Yesterday, half the Internet was broken. I knew something was wrong when I couldn’t get into Salesforce to check on a support ticket for my biggest customer. Another member of my team sent us a warning that a big DDoS attack was happening, and not to count on being able to issue very many quotes today. So what, exactly, is a DDoS attack and how do DDoS attacks work?
I suppose there’s another question to ask too: What can you do to avoid being part of the problem? We’ll save that for the end.
“Daniel” from “Microsoft” called me the other day. The number looked halfway legit so I picked up. He out and out claimed to be from Microsoft and said he was getting alerts from my computer. His voice sounded familiar–I think I’d talked to him before.
Someone I know got a tech support scam popup that said their computer was being hacked. I said to bring the computer over. I wanted to see it.
I found the malicious site in the browser history–I’ll tell you how to do that after I finish my story–and pulled the page back up. The computer played an MP3 file with a scary-sounding message and urged me to call an 888 number. So I called. I got voicemail. I left a message.
One of the best things you can do to improve your security in a corporate environment is to limit the use of Java, or whitelist Java. Undoubtedly there will be one or more legacy web applications your company uses that require Java, and it’s almost inevitable that at least two of them will be certified for one and only one version of the JRE, and it won’t be the same one.
Believe it or not there’s a solution to the problem of conflicting JREs, but it took me years to find it, because I had no idea that Oracle called it “Deployment Rule Set.” The secret’s out now. If you run Java, and you want security, you needDeployment Rule Set.
A file change was detected on your system for site URL https://dfarq.homeip.net. Scan was generated on Tuesday, November 3rd, 2015 at 5:25 am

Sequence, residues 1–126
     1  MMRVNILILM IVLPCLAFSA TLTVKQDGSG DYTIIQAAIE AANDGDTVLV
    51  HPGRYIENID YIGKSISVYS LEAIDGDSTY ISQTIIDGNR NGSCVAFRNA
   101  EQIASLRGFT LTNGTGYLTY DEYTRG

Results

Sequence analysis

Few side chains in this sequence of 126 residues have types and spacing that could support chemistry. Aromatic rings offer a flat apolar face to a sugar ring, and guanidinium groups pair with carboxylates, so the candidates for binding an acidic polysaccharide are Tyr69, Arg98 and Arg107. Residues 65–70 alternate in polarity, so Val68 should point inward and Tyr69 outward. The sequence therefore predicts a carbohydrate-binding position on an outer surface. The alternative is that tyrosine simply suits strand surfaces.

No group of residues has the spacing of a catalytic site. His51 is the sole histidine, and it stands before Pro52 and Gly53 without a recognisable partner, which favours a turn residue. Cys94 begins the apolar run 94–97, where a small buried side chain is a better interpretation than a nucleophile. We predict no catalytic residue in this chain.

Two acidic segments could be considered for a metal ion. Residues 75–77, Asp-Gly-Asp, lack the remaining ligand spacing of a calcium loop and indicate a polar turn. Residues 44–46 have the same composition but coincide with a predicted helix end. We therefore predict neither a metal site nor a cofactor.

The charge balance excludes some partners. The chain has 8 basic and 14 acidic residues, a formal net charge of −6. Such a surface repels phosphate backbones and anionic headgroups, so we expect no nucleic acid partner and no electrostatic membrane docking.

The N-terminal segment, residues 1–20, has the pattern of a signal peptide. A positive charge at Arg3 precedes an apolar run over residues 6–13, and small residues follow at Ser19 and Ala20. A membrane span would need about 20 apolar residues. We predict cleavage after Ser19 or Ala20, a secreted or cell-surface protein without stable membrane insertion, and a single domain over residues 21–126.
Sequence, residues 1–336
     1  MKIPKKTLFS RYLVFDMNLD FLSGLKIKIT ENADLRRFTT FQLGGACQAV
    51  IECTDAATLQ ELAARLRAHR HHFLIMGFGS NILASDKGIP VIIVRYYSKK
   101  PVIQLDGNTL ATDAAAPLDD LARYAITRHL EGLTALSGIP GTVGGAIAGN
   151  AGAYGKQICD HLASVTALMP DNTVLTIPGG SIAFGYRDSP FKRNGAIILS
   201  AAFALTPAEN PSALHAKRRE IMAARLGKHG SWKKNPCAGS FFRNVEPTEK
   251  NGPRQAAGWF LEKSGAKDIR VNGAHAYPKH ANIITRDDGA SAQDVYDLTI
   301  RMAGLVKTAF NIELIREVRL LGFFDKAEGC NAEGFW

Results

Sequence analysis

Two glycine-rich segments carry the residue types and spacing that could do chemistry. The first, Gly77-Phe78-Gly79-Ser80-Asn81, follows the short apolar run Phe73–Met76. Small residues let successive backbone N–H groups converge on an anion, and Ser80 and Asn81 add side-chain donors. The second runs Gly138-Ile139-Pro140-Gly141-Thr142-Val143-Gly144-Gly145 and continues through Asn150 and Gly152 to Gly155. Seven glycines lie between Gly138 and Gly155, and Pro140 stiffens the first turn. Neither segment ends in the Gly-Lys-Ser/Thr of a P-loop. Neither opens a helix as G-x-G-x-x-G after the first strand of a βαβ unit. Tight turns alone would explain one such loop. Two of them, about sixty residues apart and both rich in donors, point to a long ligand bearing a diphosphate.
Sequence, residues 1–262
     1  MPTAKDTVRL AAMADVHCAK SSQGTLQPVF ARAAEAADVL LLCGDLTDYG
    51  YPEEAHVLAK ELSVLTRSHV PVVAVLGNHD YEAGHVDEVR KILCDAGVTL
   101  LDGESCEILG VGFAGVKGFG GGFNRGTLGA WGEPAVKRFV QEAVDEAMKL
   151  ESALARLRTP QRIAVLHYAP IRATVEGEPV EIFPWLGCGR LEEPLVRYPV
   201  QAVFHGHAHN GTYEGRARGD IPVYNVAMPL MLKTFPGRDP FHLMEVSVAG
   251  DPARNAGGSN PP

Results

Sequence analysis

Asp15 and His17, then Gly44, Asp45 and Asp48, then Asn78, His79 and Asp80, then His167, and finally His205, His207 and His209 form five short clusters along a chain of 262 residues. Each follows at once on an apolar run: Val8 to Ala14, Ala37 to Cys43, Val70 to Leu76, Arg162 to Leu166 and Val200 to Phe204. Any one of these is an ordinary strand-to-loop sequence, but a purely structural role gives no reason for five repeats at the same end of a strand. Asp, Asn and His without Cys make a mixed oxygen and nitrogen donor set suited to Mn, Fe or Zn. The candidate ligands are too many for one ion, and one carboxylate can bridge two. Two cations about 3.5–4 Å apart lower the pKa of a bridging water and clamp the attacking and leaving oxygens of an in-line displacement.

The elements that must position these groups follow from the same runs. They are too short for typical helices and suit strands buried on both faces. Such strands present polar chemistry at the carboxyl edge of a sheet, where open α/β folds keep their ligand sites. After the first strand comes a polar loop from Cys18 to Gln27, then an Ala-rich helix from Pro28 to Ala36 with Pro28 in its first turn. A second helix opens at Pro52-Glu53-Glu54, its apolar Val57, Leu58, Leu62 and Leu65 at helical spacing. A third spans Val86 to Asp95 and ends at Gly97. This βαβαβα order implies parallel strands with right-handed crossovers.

A summary of the scan results is shown below:
The following files were removed from your host:
/var/www/wordpress/wp-content/cache/supercache/dfarq.homeip.net/wordpress/index.html (modified on: 2015-11-03 03:23:52)
The following files were changed on your host:
/var/www/wp-content/themes/twentyfourteen/functions.php (modified on: 2015-08-19 22:24:04)
/var/www/wp-content/themes/twentyfourteen/header.php (modified on: 2015-08-19 22:24:04)
Login to your site to view the scan details.
I didn’t make those changes. Fortunately fixing it when changes appear in functions.php and header.php that you didn’t make is pretty easy.
Aug 2016 update: Back in 2015, some kind of spam bot wormed its way into my site. I quickly cleaned it up, then decoded the attack and posted details here. Not long after, the spambot started directing traffic to this post, because it contains enough of the magic words, I guess. Only instead of serving up spam, it’s serving up my analysis. I’d rather you read this than spam, so I’ve left this page up.
On to the original post…
A few minutes ago I received an alert that some files had changed on my site (thanks to All-In-One WP Security). But I hadn’t changed anything and WordPress hadn’t updated itself.
I’m all torn up this morning. I’m torn up because Microsoft has sued a couple of tech support scam outfits for misrepresenting themselves and violating Microsoft trademarks.
I’m torn up because it’s taken this long. I’m also torn up because this may mean I’ll never get to see what kind of hilarity would ensue by telling a scammer with a fake western name that my name is “Suchita.” In the deepest voice I can muster, of course. Keep in mind that if I sing in falsetto, I’m a tenor. Also keep in mind that nobody wants to hear that.
I can’t imagine needing to take a screen capture of a web site terribly often, but I have had to do it a few times in the past year. I used Snagit to do it, and it didn’t always do the best job–sometimes the program would crash, or the CPU would race and I would have to resort to ctrl-alt-del to get things back to normal–and not get my screen capture.
IE Capt is a small, standalone utility to do just that. Feed it the URL you want to capture, and it uses Internet Explorer’s Trident engine to render the page and outputs it to an image file for you. If you’re comfortable with the command line, it’s a faster, easier way to get your screen capture. And it’s free, which doesn’t hurt either.
If you own a Linksys WRT54GL or EA2700 router, both devices have serious security vulnerabilities. Serious enough that the only way to continue using them safely is to load an alternative firmware such as DD-WRT on them. That’s not entirely a bad thing; DD-WRT is more capable, and unlike most consumer-oriented firmware, allows you to disable WPS.
The EA2700, in particular, is so trivially easy to hack it’s laughable–all it takes is entering a predictable URL into a web browser. That’s it.